• controls the maximum levels of sulphur dioxide and volatile acidity levels in wine
• controls on blending and coupage and specific restrictions preventing the coupage of third country wines within the Union.
For producers in the U.K, de-acidification and enrichment of wine is subject to permitted limits and these processes must be notified to the Agency. The producer must keep accurate winery records detailing all winemaking processes and subsequent bottling records. Such details must be recorded promptly.
Winery records and accompanying documents must be kept for at least five years.
Commission Regulation (EC) No 607/2009* of 14 July 2009 laying down certain detailed rules for the implementation of Council Regulation (EC) No 479/2008* as regards protected designations of origin and geographical indications, traditional terms, labelling and presentation of certain wine sector products. The regulation specifies the format and sizes for the compulsory particulars that must appear on a label.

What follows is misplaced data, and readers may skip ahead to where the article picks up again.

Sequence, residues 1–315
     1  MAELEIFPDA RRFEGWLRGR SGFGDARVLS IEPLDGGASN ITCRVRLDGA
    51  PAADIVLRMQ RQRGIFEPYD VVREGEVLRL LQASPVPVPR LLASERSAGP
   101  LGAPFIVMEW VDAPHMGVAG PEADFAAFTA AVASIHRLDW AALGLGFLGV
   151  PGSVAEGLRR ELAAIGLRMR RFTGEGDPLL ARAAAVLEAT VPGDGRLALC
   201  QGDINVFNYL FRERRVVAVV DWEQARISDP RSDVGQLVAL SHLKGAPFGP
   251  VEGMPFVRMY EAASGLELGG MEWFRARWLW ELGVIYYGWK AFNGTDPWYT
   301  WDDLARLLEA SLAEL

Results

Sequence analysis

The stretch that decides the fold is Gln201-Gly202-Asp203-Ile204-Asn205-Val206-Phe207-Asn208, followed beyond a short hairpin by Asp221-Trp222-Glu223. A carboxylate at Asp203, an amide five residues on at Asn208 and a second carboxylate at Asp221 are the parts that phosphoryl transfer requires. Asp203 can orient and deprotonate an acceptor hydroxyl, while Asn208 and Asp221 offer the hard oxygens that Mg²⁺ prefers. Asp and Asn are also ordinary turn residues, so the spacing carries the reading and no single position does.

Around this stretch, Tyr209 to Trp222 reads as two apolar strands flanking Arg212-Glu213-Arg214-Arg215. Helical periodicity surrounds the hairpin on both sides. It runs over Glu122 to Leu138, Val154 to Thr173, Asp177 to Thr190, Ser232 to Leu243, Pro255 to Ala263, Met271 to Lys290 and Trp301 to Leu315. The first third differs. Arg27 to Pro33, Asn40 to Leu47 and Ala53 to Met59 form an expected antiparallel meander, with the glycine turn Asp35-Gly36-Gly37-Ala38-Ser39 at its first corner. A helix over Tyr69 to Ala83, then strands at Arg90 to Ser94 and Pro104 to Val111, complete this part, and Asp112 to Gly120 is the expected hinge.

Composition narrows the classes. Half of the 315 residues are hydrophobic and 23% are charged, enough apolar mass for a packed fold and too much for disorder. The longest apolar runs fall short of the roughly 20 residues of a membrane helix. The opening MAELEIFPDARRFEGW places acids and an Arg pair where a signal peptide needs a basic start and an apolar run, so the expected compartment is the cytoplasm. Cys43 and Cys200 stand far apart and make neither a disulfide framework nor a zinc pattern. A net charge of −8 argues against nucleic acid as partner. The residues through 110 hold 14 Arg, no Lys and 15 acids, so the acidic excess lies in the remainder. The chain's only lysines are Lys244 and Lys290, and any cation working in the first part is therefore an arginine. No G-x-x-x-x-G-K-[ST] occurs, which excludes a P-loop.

This regulation provides detailed labelling rules and annual verification requirements for specified categories of wines.
Specific mandatory information must be shown in one field of vision, and must be capable of being easily read without having to turn or rotate the container. These include:-
• the provenance expression e.g. country of origin
• for wines with Protected Designation of Origin or Protected Geographical Indication the relevant expression unless this is replaced by an approved Traditional Expression
• type of wine category (e.g. wine, sparkling wine)
• the nominal volume (e.g. 75cl),
• the alcoholic strength (shown to zero or point five of a percent (e.g. 11.5% vol) apart from wines from Australia and Switzerland where 0.1% increments may be used.